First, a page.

It was David Attenborough’s 90th on Sunday 8th, an indirect purveyor of music in its most natural form through birdsong, grasshopper choruses and uninhibited mating cries. If you unplug those earphones and listen to the grassroots of your sounds, you might see similarities with the human animals plying their musical talents on the pedestal of our times. Can the musicians playing in Manchester this week learn anything from the natural world? Read on the find out…

Not shy of a rhythmic howl through speakers, Camp Stag kick off our week at Gullivers on Monday 9th.

Never strangers in their own terrain, Tourist take a trip to Deaf Institute on Tuesday 10th. Their ambient klaxons purr with delight, in contrast with the rap-legend verbal predator Ghostface Killah‘s lyrical spits at FAC251 the same night.

Claudio Simonetti’s Goblin are by now nested into the Manchester environs, having previously peddled the screeching guitars of their horror soundtrack-based prog rock. This latest visit illuminates the tremors and trembles of Dawn of the Dead at Gorilla on Wednesday 11th.

Thursday 12th beckons in Manchester After Hours, a synchronised series of unique events across the city on one evening each year – much of it with no entry fee. So roam Manchester’s streets in hunt of your favoured cultural buzz, from a folk-scored steam train tour of MOSI to AV sound artistry at the People’s History Museum, via warbling wordplay at the Jewish Museum.

Of the non-MAH shows that night, lo-fi indie rock is well represented. Chastity Belt and Quilt are due to roar through their repertoires at Night & Day Cafe and Soup Kitchen, respectively.

There’s a veritable gaggle of options chirping up on Friday 13th. From the Kites of San Quentin‘s mellow electronic bellows have been in hibernation for a little while, but their grand reawakening will be stirred at the Bunker. Down at Fallowfield’s Fallow Cafe, the knives are out for She Makes War, whose weapon of choice is a flurry of cooing lilts. Emma Pollock‘s solo shows signal a similar pop rock sensibility – all gentle hums emanating from Soup Kitchen. A final live offering for Friday is Cale Tyson‘s pastoral bleating at Gullivers.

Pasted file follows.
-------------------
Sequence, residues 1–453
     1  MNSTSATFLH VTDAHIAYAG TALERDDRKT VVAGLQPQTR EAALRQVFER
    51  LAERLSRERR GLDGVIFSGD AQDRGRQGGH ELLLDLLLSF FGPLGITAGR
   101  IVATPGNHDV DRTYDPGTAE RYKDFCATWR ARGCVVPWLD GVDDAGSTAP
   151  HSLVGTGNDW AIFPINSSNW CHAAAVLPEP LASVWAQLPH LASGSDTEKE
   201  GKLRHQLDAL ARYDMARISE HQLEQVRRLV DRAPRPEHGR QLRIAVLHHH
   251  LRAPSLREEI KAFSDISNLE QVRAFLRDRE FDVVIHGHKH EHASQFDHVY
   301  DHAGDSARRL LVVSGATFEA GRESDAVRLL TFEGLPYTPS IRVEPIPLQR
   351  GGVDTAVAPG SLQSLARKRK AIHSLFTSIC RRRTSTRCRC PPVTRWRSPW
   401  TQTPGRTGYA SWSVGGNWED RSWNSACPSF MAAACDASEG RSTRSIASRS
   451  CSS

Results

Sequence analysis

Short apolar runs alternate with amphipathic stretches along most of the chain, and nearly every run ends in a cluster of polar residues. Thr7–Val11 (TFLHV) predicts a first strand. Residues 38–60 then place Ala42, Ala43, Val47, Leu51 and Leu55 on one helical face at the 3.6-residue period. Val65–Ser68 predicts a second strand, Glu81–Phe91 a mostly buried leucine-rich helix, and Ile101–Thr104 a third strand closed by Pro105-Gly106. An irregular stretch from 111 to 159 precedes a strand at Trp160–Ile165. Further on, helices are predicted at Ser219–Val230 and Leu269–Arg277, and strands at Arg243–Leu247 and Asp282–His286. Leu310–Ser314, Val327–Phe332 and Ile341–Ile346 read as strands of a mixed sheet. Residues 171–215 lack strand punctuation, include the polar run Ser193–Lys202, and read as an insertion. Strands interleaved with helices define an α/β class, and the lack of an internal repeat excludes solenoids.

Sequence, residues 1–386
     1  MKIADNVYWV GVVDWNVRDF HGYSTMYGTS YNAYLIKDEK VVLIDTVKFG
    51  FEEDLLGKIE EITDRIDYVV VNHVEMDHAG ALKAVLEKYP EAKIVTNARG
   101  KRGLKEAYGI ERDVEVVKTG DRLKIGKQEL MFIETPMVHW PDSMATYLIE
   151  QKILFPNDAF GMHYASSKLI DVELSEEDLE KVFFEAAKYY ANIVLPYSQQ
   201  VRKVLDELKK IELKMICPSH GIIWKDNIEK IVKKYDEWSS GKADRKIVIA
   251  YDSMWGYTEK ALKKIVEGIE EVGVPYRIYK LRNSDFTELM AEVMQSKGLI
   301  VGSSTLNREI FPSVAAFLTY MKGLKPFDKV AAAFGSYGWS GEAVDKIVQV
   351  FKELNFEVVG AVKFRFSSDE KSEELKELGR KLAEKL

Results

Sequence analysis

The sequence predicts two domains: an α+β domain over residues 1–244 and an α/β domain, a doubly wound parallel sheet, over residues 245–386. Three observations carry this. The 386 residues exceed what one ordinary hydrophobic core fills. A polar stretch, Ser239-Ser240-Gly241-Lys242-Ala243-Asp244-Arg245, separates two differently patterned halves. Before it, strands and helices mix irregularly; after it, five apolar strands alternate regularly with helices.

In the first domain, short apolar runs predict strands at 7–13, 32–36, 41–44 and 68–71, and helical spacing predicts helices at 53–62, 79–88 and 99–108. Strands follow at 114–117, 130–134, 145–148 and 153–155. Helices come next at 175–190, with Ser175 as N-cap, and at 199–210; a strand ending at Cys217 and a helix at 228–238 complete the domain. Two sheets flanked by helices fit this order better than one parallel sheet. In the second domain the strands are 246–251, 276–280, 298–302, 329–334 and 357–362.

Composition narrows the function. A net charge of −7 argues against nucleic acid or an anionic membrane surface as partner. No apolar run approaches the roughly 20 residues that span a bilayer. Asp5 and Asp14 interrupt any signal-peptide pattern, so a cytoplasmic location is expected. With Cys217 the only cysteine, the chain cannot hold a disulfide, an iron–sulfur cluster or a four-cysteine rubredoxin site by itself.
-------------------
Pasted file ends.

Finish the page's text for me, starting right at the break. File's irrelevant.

For the Friday night owls, it’s hard to look beyond a Deaf Institute set for Awesome Tapes From Africa. With likembes lolloping, it’ll be a hoot.

Two Saturday shows for the early birds: The Burning Hell‘s Matinee addition ahead of their sold out evening jive at Salford’s Eagle Inn, and Night & Day Cafe’s annual Psych Fest all-dayer sees Clinic leading the caws.

Night time Saturday gig starts see a flock of options in the form of Yak‘s grungy grunts, Dancers herding to Soup for Zaltan‘s Balearic jives, a Sound Control House Party across two storeys with Yellow DJs and live music from PINS et al, and a local music showcase rammed with the hottest psychedelic screams in the M postcode, from Mother to The Yossarians.

Sunday 15th starts with Carbooty mooching opportunities around the fertile artisan habitat of Islington Mill.

Then as dusk descends, Yuck, Kronos Quartet and Durutti Column’s John Metcalfe are all strumming the fine line between squawks, wails, whoops and whines in the name of attracting an audience across their various indie, jazz and folk-laden sounds.

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